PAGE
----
On the heels of its successful Kidlit Against Anti-AAPI Racism Fundraiser, which raised more than $53,000 to fight anti-AAPI racism this past February, Asian Authors Alliance has announced its second annual AAPI Book Month. The slate of virtual events featuring Asian American and Pacific Islander children’s book creators will kick off in May, which the United States designates as Asian American and Pacific Islander Heritage Month, and will be streamed via YouTube and Instagram Live.
Assembled last year by author Kat Cho, AAPI Book Month 2020 was introduced in response to the pandemic, which made most in-person book events obsolete for the foreseeable future. Cho posted in the Asian Author Alliance Facebook group requesting participants, and more than 50 bestselling and award-winning authors ended up partaking in the range of digital programming, which included Instagram takeovers, YouTube panels, and a watch party for Alice Wu’s The Half of It coordinated through Twitter. Author Gail D. Villanueva served as tech admin and webmaster, roles she continues in, with author Van Hoang taking over this year as panel and event coordinator.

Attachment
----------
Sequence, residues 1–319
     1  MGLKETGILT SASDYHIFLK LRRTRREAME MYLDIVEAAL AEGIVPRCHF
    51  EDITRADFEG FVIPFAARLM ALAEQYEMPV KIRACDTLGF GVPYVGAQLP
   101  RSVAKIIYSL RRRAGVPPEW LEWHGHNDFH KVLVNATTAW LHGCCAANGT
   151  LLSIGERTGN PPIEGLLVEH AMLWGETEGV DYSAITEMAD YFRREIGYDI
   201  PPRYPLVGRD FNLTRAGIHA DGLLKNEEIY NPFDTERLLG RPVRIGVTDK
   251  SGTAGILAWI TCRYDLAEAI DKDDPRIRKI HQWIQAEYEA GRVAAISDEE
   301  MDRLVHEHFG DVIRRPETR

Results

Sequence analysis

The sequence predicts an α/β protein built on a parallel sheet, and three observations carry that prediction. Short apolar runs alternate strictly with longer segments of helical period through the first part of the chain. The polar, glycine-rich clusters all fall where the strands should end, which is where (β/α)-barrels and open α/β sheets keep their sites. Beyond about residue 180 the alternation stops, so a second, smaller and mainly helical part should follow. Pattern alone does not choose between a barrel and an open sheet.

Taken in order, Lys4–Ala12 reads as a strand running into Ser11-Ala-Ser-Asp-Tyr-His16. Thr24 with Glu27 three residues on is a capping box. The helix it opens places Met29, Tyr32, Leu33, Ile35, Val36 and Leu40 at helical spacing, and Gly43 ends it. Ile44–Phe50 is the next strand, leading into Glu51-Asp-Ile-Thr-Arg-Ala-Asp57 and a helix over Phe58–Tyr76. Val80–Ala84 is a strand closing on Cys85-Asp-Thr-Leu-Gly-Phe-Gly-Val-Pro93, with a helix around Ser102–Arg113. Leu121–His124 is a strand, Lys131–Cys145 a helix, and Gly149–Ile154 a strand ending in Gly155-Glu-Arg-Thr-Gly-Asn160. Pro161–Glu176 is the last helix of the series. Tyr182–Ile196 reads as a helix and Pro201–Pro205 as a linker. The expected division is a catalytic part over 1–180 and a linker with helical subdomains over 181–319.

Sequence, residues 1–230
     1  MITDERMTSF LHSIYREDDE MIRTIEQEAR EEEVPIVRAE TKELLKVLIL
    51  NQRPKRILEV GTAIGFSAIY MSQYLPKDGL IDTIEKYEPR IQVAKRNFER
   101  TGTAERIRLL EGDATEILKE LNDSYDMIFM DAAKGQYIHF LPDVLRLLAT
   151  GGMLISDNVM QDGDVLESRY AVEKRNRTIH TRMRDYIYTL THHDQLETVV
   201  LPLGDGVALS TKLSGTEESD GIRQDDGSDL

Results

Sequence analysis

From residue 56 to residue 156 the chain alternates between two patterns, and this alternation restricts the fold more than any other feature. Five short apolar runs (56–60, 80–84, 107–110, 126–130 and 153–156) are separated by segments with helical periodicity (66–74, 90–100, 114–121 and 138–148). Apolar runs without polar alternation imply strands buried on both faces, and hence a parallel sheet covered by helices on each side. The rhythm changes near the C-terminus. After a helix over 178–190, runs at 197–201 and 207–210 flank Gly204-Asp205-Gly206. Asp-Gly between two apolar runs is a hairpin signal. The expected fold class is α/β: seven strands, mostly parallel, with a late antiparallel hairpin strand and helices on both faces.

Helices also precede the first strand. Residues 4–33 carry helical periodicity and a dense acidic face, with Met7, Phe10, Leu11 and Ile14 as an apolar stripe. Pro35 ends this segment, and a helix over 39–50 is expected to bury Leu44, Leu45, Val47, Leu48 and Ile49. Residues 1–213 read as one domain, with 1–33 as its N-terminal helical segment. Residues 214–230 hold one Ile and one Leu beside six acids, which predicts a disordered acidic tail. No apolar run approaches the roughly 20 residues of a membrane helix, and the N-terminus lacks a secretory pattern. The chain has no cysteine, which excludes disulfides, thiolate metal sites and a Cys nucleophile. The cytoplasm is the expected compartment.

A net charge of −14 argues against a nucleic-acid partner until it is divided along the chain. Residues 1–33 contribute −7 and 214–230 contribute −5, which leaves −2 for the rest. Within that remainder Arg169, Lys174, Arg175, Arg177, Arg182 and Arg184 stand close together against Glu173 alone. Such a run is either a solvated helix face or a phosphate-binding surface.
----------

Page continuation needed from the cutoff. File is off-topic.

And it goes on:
This year, Asian Author Alliance requested that its members pitch their own panels, with the Alliance coordinating schedules and overseeing tech for livestreams. Highlights from the 2021 programming include a conversation titled “Diversity in YA 10 Year Anniversary,” featuring Malinda Lo and Cindy Pon in conversation vis-à-vis their Diversity in YA site and their work as trailblazers for diverse stories over the last decade. Another panel will examine mental health in the Asian American community with Sona Charaipotra, Kelly Loy Gilbert, I.W. Gregorio, and Naomi Kanakia, and another discussion will present Korean American authors Kat Cho, Maurene Goo, Lyla Lee, Stephan Lee, and Axie Oh in “K-Pop in YA,” talking about their K-Pop novels for teens.
Asian Authors Alliance found it especially important to continue AAPI Book Month this year considering the exponential rise in hate crimes against Asian Americans since the start of the pandemic. “It’s important for us to draw attention to the reality of anti-AAPI racism that threatens our communities,” Cho told PW. “But it’s just as important to allow ourselves to celebrate our identity and the stories born from it. We have faced tragedy lately, but we are more than our pain. We hope that everyone can join us in uplifting AAPI voices and stories together.”